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Showing posts from May, 2014

Simon Usher - Chorale – A Sam Shepard Roadshow

When Sam Shepard came to Glasgow last year to watch the last night of the Citizens Theatre's production of his 1980 play, True West, the presence of someone who was both Hollywood acting royalty and counter-cultural legend packed out the house. With roots in rock and roll, Beat poetry and America's Wild West mythology, here was an underground icon and self-styled literary outlaw who could be nominated for an Oscar for his appearance in The Right Stuff even as he scripted Paris, Texas for fellow traveller, Wim Wenders.  Yet despite such a pedigree which has embraced the hip while flirting with the commercial, Shepard's stage works are rarely seen in these parts. Prior to True West, the last time one of Shepard's plays was seen on a main stage in Scotland was back in 2009, when the Royal Lyceum Theatre in Edinburgh produced his 1978 piece, Curse of the Starving Class. The arrival of Chorale – A Sam Shepard Roadshow in Edinburgh, then, provides an all too

Entertaining Mr Sloane

Perth Concert Hall Three stars On the surface, barely anything is made explicit in Joe Orton's dark 1960s comedy of psycho-sexual menace. Every panting innuendo between Sloane's amoral cuckoo in the nest and the middle-aged brother and sister he flits coldly between, however, promises to spill over from Sunday tabloid mundanity into something bigger with every utterance. Now half a century old, Orton's first full-length play teased the Lord Chamberlain, then in charge of what could and couldn't be said onstage, with a taboo-busting mix of contemporary pop buzzwords and stylised baroque. This ages well in London Classic Theatre's touring revival, which arrived at Perth Festival for a one-night stand on Monday night, setting out its store on a jumble of upside-down brass bed-posts and awkwardly angled wardrobes hiding a multitude of sins. Into this mess steps Paul Dandys' sexually ambivalent Sloane, a psycho-pathic piece of rough trade who manages to wrap both his

My Name Is... - Tamasha Theatre Company

When Molly Campbell and her mum Louise Fairlie went to see Tamasha Theatre Company's production of Sudha Buchar's play, My Name Is..., it was an emotional experience. My Name Is..., which tours to the Tron Theatre in Glasgow this weekend as part of the theatre's Mayfesto season, gets behind the sensationalist headlines that  told how, in 2006, the then twelve year old Campbell was apparently snatched from her home on the Isle of Lewis by her father, Sajad, and taken to his native Pakistan. A few days later, Campbell spoke to the world in a press conference to say that, far from being kidnapped, she had gone to Pakistan of her own accord, and would now rather be known as Misbah. Buchar's play, developed over six years after interviewing all three members of the estranged family, aims to set the record straight about a story that wasn't about race or religion, but was more about the painfully familiar fall-out when two people stop being in love, and what happens when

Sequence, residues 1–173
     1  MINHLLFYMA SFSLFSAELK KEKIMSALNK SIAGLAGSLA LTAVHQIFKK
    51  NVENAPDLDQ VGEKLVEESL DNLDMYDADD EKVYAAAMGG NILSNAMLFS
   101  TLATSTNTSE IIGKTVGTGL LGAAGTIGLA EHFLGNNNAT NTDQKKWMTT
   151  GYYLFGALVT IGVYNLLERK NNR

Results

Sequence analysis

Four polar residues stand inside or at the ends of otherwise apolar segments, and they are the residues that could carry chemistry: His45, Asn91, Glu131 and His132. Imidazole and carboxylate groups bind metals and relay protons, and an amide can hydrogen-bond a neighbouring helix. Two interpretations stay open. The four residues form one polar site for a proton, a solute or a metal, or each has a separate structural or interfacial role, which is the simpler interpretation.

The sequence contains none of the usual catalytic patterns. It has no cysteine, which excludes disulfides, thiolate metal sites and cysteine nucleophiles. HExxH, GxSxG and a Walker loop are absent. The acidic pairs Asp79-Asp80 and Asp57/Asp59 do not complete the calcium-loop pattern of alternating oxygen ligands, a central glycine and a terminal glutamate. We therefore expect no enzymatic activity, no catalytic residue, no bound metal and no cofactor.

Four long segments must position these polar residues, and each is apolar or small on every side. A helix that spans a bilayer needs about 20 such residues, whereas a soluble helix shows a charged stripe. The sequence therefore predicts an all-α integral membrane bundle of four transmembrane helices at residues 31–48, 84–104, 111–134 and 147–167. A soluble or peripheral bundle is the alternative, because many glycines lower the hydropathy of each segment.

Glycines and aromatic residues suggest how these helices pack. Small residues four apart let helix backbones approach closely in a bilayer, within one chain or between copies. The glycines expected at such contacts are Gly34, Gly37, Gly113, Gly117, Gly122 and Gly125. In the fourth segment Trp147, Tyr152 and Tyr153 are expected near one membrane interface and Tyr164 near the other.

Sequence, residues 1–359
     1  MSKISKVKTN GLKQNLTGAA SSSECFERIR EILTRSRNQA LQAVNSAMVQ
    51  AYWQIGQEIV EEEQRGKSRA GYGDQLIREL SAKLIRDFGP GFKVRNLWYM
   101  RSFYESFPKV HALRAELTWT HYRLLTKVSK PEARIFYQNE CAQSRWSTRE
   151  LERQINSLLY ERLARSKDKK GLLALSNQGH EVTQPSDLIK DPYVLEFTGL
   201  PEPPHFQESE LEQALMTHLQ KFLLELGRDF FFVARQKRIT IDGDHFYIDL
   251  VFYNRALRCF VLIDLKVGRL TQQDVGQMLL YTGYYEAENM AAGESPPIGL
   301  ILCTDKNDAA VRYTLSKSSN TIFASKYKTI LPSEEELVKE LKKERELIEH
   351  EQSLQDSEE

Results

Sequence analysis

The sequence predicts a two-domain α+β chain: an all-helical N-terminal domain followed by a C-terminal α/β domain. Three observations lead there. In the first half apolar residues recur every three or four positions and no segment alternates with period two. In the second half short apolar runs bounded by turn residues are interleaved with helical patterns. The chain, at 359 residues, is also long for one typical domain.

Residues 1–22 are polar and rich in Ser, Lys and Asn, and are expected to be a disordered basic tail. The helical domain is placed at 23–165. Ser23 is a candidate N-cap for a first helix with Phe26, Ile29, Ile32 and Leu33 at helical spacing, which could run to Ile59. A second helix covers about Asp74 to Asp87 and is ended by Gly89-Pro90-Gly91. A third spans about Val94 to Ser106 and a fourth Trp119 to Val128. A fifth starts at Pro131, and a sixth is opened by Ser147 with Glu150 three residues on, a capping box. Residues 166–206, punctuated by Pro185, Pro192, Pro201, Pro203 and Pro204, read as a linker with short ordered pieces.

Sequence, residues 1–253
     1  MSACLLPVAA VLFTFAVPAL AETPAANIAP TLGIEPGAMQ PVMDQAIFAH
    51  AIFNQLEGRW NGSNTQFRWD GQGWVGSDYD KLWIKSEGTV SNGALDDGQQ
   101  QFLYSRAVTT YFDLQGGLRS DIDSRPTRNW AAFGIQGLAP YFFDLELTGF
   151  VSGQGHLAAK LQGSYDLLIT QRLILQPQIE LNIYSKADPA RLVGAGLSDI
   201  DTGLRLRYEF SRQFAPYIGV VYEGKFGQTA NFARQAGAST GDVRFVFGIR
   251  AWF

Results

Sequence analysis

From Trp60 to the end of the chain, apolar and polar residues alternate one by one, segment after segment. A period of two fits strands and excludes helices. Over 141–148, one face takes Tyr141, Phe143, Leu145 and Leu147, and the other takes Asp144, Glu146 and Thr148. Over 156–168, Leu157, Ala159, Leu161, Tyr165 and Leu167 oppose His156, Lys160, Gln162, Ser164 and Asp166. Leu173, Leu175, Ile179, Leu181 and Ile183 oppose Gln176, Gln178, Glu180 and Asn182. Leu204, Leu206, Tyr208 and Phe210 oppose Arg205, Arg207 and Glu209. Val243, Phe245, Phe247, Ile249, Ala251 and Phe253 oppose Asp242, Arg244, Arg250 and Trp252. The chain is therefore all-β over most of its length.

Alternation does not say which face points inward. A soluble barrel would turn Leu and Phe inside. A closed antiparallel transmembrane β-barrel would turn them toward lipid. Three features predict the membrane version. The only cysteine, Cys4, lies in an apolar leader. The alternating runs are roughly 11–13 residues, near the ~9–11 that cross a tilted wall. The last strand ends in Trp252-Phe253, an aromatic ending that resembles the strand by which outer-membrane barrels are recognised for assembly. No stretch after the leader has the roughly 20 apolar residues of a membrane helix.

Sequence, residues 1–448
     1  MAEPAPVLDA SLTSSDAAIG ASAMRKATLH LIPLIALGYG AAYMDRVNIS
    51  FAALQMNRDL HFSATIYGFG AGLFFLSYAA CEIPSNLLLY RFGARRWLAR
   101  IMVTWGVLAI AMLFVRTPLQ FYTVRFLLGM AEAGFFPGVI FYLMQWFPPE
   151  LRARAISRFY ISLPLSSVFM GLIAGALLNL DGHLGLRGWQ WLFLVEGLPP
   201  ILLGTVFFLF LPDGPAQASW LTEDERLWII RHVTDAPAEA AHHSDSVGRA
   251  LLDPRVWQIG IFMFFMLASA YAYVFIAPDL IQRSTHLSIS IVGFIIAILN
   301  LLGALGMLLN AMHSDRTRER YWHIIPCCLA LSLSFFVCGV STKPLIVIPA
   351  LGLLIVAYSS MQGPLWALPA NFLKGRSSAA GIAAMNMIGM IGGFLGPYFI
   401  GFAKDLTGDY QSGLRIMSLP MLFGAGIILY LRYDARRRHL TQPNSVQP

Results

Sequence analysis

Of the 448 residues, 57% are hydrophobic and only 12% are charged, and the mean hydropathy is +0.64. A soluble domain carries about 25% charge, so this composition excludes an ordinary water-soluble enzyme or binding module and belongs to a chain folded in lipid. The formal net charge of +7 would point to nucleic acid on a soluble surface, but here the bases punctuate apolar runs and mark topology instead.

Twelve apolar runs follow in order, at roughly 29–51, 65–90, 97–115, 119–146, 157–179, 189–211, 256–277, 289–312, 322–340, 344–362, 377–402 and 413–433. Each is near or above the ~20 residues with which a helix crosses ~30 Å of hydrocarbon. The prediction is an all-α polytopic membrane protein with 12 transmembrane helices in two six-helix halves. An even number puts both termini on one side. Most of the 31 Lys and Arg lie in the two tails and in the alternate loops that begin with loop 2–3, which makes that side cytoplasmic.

Traverse Theatre, Edinburgh Five stars When a woman steps silently into the sculpted tip which two damaged sisters call home and pulls out a baby rat from the swollen track-suited belly of one of them, it's clear just how feral the twenty-something siblings have become in Vivienne Franzmann's remarkable new play. This is one of few silent moments in a ninety-five minute tug of love between Pink and Rolly that explodes with the pains of every-day survival in the messed-up bubble the women have created for themselves. Rolly has arrived on Pink's doorstep straight out of prison. Barely literate but furiously articulate, with a street-smart patois lifted on the cheap from pop songs and trash TV, Pink and Rolly take on the world outside their door with a snarl. Inside, they find comfort from each other, and while Rolly never sees the projected mayhem going on in Pink's head, a pair of magic red shoes might just make things better. While there are obvious linguistic and thema

Woman in Mind

Dundee Rep Four stars If Alan Ayckbourn had written his 1985 study of one woman's psychological unravelling today, chances are that his heroine, Susan, would be so numbed by Prozac that her descent into fantasy would have been blotted out by the end of the first act. As it is, Marilyn Imrie's lush-looking revival for Dundee Rep's Ensemble company and Birmingham Rep reveals Ayckbourn as a far darker chronicler of the very English garden he occupies than he is often given credit for. Opening with composer Pippa Murphy's anxious-voiced chorale, we're ushered into Susan's idyll, a world occupied by a white-suited husband, a beautiful and talented daughter and a brother who would defend her to the death. Such endlessly sun-drenched perfection is upended, alas, by the reined-in torpor of something both more mundane and a whole lot more complicated.  When it becomes increasingly hard for Susan to tell which world she belongs in, she takes a mental leap too far. Flanked

Whisky Kisses

Pitlochry Festival Theatre Four stars When American wheeler-dealer Ben Munro attempts to buy up the final dregs of the rarest whisky in the world, things don't quite go according to plan. So it goes in Euan Martin, Dave Smith and composer James Bryce's rollicking musical play, in which the Glenigma malt becomes a symbol both of the absurdities of global capitalism and of the life-force of a rural community struggling for economic survival. Of course, John Durnin's big, showbiz-styled production is a whole lot more fun than that, but such underlying political motifs are what drives this revival of a show first seen in 2010 following its development from the Highland Quest competition to find a new Scottish musical. With distillery heiress Mary forced to sell off the last bottle of Glenigma to the highest bidder, the auction also attracts a Japanese collector, setting up an east-west conflict that captures the attention of the Scottish government. With an export ban imposed o